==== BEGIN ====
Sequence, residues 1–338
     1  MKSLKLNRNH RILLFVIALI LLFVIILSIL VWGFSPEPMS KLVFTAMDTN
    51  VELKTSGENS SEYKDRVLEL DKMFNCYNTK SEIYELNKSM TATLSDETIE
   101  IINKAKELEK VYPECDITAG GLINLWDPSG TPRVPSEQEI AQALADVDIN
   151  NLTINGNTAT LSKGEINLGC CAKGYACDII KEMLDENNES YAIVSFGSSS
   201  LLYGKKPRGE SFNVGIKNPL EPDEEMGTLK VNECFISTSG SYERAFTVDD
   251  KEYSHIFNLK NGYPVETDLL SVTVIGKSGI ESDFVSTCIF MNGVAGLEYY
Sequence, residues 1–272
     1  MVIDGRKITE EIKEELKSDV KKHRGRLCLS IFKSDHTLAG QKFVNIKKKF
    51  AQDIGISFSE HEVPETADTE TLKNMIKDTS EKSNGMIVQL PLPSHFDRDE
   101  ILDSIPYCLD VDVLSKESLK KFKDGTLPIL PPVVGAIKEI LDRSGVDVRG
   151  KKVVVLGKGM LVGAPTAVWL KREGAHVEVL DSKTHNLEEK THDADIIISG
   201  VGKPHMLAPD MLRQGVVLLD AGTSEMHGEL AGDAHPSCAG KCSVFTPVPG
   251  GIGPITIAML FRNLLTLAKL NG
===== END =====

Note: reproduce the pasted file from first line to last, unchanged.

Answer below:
Sequence, residues 1–338
     1  MKSLKLNRNH RILLFVIALI LLFVIILSIL VWGFSPEPMS KLVFTAMDTN
    51  VELKTSGENS SEYKDRVLEL DKMFNCYNTK SEIYELNKSM TATLSDETIE
   101  IINKAKELEK VYPECDITAG GLINLWDPSG TPRVPSEQEI AQALADVDIN
   151  NLTINGNTAT LSKGEINLGC CAKGYACDII KEMLDENNES YAIVSFGSSS
   201  LLYGKKPRGE SFNVGIKNPL EPDEEMGTLK VNECFISTSG SYERAFTVDD
   251  KEYSHIFNLK NGYPVETDLL SVTVIGKSGI ESDFVSTCIF MNGVAGLEYY
Sequence, residues 1–272
     1  MVIDGRKITE EIKEELKSDV KKHRGRLCLS IFKSDHTLAG QKFVNIKKKF
    51  AQDIGISFSE HEVPETADTE TLKNMIKDTS EKSNGMIVQL PLPSHFDRDE
   101  ILDSIPYCLD VDVLSKESLK KFKDGTLPIL PPVVGAIKEI LDRSGVDVRG
   151  KKVVVLGKGM LVGAPTAVWL KREGAHVEVL DSKTHNLEEK THDADIIISG
   201  VGKPHMLAPD MLRQGVVLLD AGTSEMHGEL AGDAHPSCAG KCSVFTPVPG
   251  GIGPITIAML FRNLLTLAKL NG